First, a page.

West indian culture

New U.S. Ambassador to New Zealand Tom Udall on Maori Culture, Climate Change, China and Trade

New United States Ambassador Tom Udall at his press conference at Camperdown, his residence in Lower Hutt. Video / Mark Mitchell

The new US Ambassador to Aotearoa, New Zealand said some of his “proudest achievements” were those of the indigenous peoples of his country and that he was “delighted” to be working here alongside the Maori.

Tom Udall, who arrived in the country just over 10 days ago with his wife Jill Cooper, recited a pepeha – traditional Maori introduction – as he addressed reporters here for the first time.

“I love these greetings, I’ve heard them all my life.

“What we share, many of our tribes, is this love and attachment to the land … let’s pass it on to the next generation as good stewards.”

Udall, 73, also ambassador to Samoa, is one of the first appointments made under President Joe Biden’s administration, and replaces Scott Brown, who was appointed by Donald Trump and left his post in December of the year last.

It comes as the United States broadly seeks to counter China’s sphere of influence, particularly in the Pacific.

Udall, a Democrat, retired in 2021 after two terms in the United States Senate representing New Mexico.

Udall said some of his “proudest accomplishments” were due to his collaboration with Native American tribal leaders in his state, including advancing tribal self-reliance, revitalizing the native language and protecting sacred areas.

He also helped secure $ 8 billion in funding for tribal governments in their responses to Covid-19.

After stepping down from his post, Navajo Nation President Jonathan Nez said Udall had been “an advocate and champion of the Navajo people.”

Speaking at a press conference today at his Lower Hutt residence, Udall said he was very keen to learn as much as possible about Maori culture.

When asked what he had learned during his work with the tribes, he answered the importance of sovereignty.

“The first thing is that the indigenous people of New Mexico, the Native Americans really care that they are nations within the nation, and they care about their sovereignty.”

Udall said his role here was to represent Biden, for whom he was interned in 1973 and who had been a “good friend ever since.”

New U.S. Ambassador Tom Udall wears a traditional Navajo bolo tie, in the sacred colors of turquoise and silver.  Photo / Mark Mitchell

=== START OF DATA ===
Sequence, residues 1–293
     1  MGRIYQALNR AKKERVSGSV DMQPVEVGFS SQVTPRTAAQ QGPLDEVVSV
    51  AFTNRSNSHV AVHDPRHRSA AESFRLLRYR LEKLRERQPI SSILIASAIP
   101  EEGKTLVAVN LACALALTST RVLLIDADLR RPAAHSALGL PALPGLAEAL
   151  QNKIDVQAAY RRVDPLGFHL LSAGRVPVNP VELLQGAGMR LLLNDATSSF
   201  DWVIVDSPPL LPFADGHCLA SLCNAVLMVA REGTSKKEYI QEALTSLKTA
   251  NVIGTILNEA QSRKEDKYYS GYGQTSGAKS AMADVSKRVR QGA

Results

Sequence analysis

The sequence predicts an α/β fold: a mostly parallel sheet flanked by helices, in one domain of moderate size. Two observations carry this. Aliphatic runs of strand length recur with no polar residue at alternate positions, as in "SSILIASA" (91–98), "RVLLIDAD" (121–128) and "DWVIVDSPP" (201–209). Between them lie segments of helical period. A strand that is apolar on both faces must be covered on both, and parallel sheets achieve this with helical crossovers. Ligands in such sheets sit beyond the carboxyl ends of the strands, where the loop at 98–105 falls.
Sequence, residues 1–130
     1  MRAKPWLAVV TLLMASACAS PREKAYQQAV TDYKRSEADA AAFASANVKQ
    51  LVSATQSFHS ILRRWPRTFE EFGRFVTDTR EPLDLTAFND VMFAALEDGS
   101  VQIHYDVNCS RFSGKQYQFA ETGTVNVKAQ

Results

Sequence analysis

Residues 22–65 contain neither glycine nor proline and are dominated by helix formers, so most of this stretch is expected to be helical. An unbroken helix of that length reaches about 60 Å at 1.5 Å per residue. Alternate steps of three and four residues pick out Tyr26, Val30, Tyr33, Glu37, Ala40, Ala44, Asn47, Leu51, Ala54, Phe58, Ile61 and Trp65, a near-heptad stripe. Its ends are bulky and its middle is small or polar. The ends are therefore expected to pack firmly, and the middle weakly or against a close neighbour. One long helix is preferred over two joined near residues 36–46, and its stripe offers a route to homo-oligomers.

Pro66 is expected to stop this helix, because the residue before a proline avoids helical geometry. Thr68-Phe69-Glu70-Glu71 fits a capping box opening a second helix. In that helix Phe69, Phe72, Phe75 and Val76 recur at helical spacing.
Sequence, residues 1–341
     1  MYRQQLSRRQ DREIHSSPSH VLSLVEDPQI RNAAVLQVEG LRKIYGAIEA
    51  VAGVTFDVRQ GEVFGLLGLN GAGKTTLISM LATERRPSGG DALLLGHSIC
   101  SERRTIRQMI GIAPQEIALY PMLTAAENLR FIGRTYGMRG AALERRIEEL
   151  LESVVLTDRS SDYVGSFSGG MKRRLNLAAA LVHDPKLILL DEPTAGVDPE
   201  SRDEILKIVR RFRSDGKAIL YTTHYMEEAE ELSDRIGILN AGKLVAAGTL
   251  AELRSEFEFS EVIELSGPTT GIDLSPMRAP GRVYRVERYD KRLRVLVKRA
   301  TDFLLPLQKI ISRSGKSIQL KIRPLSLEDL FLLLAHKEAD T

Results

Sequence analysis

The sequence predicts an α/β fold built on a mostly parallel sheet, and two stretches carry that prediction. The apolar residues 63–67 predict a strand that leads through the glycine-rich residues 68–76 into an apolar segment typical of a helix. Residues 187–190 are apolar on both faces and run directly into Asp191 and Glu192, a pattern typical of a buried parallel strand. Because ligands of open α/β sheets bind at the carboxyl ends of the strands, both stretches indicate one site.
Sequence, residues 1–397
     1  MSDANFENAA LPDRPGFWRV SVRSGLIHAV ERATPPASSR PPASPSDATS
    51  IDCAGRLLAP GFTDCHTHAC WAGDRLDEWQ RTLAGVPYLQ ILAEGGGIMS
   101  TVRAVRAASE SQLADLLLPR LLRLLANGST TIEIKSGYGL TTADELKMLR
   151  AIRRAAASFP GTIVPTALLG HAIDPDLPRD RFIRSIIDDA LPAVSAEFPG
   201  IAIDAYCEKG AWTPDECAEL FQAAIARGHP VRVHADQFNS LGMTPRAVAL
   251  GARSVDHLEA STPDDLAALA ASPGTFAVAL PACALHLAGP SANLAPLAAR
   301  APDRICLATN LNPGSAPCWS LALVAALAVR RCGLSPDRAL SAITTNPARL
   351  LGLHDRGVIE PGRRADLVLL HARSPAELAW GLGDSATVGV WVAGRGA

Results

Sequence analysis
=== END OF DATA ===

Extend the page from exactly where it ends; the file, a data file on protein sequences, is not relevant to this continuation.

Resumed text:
New U.S. Ambassador Tom Udall wears a traditional Navajo bolo tie, in the sacred colors of turquoise and silver. Photo / Mark Mitchell

His top three priorities here were climate change and the “existential crisis”, working closely with the Indo-Pacific allies and developing a “very good working relationship”, especially with the indigenous peoples of the country.

“I think there is going to be a lot of interest in New Zealand, especially in the Indo-Pacific region.”

On the recent Australia-UK-US security pact – AUKUS – Udall said New Zealand was “not sidelined”, although it was left behind. next to.

Faced with the rise of China and its growing presence in the Pacific, Udall said it was “very complicated”.

“You have an adversarial side and a competitive side.”

There were the human rights issues, then the “challenges” in areas such as the South China Sea, he said. But there was more and more common ground in areas such as tackling climate change.

“Our government has already made great efforts to work on climate change with China and I was very happy that John Kerry, in his role, met his counterpart during COP26. “

New US Ambassador Tom Udall Says "there is no place where I would rather represent my country than here in Aotearoa".  Photo / Mark Mitchell
New US Ambassador Tom Udall said “there is nowhere I would rather represent my country than here in Aotearoa”. Photo / Mark Mitchell

In New Zealand, he said he was eager to work with renewables, including geothermal, hydropower, and expansions in wind and solar.

Regarding a possible free trade agreement with the United States in the future, Udall said there are many commonalities, especially around trade diversification.

“We’re a great free trader, we love to trade. So we should be interested in going out there and talking to them and seeing what we can do.”

Udall and his wife were in controlled isolation upon arrival in the country. On Wednesday, he presented his credentials as Ambassador to Governor General Dame Cindy Kiro.

Prior to becoming a senator, Udall served five terms in the United States House of Representatives and was Attorney General of New Mexico.

He comes from a family well known for public service: his father Stewart Udall was Home Secretary, his uncle Mo Udall was a Congressman from Colorado, and his cousin Mark Udall was a Senator from Colorado.

New United States Ambassador Tom Udall at his residence in Lower Hutt.  Photo / Mark Mitchell
New United States Ambassador Tom Udall at his residence in Lower Hutt. Photo / Mark Mitchell


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